To be sure, it is not that Dempsey or Pentagon for that matter does not appreciate the new kind of war that terrorism presents, it is Pentagon's suitability to lead that war that should be the focus of a serious debate.

Pentagon's penchat for machoism certainly does not auger well in the war on terrorism as it tends to validate the radical ideology behind terrorism.
On the hand, the CIA's demand for secrecy augers perfectly well for the war on terror as long as there are no major blunders and there is zero collateral damage. But is that feasible in the theatre of war? No!

The tragic blunders of the use of drones in Yemen, Afghanistan, and northern Pakistan speak for themselves. Southern Syria which is where IS will retreat to, will soon become the new theatre of Obama's drone warfare and it remains to be seen how that warfare will be conducted and if America has learnt anything from northern Pakistan and Yemen.

Monday, 15 September 2014

The Trouble with Obama's IS Strategy

President Obama's much awaited strategy for degrading and ultimately destroying the Islamic State (IS) group was unveiled last week to a captive international audience that has been horrified by the sheer savagery of the group. There is no doubt that IS poses a threat to global peace and stability and as such it had to be confronted through a concerted millitary effort.

The long over due four part strategy has by and large been welcomed across the world with the usual exception of Russia and China, Syria's ever-reliable allies, which have expressed reservations in regards to Syria's territorial integrity and of course by Al Assad's Syria, which insists that it must be co-opted in any action against IS within its boarders, never mind that it has no control over large parts of Syria which are under IS control and Syrian rebels fighting to overthrow Al Assad.

There is little doubt that Obama's strategy will, at least in the short-term, degrade IS to the point of reducing it to a rag tag band of rebels without control over any territory in Iraq. The same however cannot be said of Syria, the group's safe haven, which is where the jihadists will eventually retreat to once they are routed in Iraq.

What however is debateable about Obama's IS strategy is its ability to achieve its main objective of destroying the group. If the decade-long war on al-Qa'ida is anything to go by, IS won't be ultimately destroyed through military effort alone. In fact, as a result of this intervention, IS will in all probability mutate into something else potentially more virulent and resilient than itself in pretty much the same way it metamorphosed from al-Qaida to Islamic State.

The Trouble with President Obama's IS strategys is that it places very little emphasis on addressing the Islamist ideology which is the root cause of the Islamic State problem. Deploying the military to degrade and destroy the IS group will certainly disrupt the group and help put a temporary stop to its murderous campaign.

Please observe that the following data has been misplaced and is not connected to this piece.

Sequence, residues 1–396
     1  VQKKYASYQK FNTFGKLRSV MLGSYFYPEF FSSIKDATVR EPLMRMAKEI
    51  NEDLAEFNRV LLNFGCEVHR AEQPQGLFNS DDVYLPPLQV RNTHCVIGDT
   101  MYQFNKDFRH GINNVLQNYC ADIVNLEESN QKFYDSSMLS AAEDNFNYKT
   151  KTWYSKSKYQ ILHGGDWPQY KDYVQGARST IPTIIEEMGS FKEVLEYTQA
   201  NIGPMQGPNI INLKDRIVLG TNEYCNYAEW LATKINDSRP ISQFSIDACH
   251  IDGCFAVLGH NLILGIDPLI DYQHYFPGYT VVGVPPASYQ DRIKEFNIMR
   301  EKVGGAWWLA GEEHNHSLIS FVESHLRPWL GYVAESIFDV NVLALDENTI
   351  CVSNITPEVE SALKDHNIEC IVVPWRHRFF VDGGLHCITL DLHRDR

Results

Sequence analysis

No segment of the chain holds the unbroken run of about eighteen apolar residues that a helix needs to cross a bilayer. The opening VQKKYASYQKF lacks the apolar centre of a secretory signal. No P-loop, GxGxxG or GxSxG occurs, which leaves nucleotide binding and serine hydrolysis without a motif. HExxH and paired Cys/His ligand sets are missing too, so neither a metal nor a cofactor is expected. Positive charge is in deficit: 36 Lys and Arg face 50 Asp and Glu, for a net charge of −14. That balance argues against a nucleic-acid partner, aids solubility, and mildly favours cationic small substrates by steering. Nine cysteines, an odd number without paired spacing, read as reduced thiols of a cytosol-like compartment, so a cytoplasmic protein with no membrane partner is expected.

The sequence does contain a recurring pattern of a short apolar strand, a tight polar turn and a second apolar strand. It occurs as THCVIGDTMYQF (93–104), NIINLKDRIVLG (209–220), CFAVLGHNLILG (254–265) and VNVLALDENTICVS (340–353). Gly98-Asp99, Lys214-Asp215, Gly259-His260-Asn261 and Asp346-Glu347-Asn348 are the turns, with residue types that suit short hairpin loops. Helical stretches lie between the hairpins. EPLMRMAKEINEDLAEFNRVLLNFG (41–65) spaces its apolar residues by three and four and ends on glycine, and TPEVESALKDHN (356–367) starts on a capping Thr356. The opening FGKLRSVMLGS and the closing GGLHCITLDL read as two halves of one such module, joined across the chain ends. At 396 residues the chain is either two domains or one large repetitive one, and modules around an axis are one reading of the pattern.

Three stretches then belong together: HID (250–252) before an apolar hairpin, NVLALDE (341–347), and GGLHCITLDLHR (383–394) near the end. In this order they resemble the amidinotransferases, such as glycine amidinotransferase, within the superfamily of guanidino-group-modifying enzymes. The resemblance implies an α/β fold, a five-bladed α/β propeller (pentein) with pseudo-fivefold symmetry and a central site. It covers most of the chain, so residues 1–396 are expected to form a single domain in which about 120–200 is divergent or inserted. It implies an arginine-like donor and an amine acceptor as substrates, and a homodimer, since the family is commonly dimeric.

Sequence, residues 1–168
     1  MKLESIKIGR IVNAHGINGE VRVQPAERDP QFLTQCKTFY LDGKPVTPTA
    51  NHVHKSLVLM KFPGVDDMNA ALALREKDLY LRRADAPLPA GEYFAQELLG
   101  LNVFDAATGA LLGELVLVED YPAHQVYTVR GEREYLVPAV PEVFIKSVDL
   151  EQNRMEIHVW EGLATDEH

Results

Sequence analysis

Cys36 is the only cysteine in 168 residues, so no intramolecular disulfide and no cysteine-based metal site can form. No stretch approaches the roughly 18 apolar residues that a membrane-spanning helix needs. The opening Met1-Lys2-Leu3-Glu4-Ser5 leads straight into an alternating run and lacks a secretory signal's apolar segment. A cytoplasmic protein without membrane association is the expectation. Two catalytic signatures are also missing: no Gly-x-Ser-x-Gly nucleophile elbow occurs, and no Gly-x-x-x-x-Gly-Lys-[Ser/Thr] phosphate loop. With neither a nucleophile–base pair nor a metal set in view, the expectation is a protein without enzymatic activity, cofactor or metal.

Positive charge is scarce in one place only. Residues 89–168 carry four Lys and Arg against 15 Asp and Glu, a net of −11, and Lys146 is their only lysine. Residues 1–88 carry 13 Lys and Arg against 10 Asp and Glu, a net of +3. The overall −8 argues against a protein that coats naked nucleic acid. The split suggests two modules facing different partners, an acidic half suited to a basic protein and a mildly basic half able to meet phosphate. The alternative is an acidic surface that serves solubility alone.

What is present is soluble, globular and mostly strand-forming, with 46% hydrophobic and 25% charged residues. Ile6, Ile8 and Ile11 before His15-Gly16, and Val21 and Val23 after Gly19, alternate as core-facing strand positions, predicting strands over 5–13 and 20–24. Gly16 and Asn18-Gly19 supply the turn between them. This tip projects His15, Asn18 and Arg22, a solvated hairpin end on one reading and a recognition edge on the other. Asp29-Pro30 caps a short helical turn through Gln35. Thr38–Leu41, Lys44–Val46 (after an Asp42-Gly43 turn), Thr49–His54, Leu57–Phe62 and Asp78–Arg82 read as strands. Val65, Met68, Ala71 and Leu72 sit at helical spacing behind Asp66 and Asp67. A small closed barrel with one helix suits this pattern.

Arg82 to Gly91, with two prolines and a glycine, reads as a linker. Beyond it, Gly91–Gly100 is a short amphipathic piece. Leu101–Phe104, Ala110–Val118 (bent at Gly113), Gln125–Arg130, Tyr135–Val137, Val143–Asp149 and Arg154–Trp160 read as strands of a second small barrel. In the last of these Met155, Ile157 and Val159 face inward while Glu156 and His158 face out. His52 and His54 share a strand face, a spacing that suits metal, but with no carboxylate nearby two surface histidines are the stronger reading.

However, a comprehensive strategy for countering the Islamist ideology that is propelling IS and other jihadist groups is infinitely more important and effective in dealing with the persistent problem of jihadism. Obama's strategy pays lip service to the underlying problem of Islamist ideology and that is its greatest shortcoming. His strategy, unfortunately, deals with the urgent and ignores that which is more important and that is not what we expect of President Obama.

Confronting the Islamist ideology is a battle for hearts and minds something which the State Department, not Pentagon, is better equipped to undertake. The Department's public diplomacy outreach, which among other things, works to confront ideological support for terrorism is home to the Center for Strategic Counterterrorism Communications. Unfortunately, the State Department is always overshadowed by Defense Department when it comes to matters security and it seems America would rather cure the problem through military might than prevent it through the thankless tasks carried out by the State Department.

Not too long ago, in his commencement speech to West Point graduands, President Obama counseled his countrymen telling them that, "U.S. military action cannot be the only or even primary component of our leadership in every instance." "Just because we have the best hammer", he went to say, "does not mean that every problem is a nail."

In his four-part strategy to defeat IS, Obama seems to have either forgotten or pressured to make military action the primary component of his response to the threat posed by IS against his better judgements. Whatever the case may be, he still has the opportunity to reogarnize the priorities of his strategy. If the air strikes are successful in putting a halt to the bloodshed and IS goes into hiding, that could be an opportune moment for reworking the priorities of his strategy. If however, history repeats itself as it is notorious for doing exactly that, IS will retreat to Syria and Syria will become the new Afghanistan.

Friday, 5 September 2014

The Middle East Culture Wars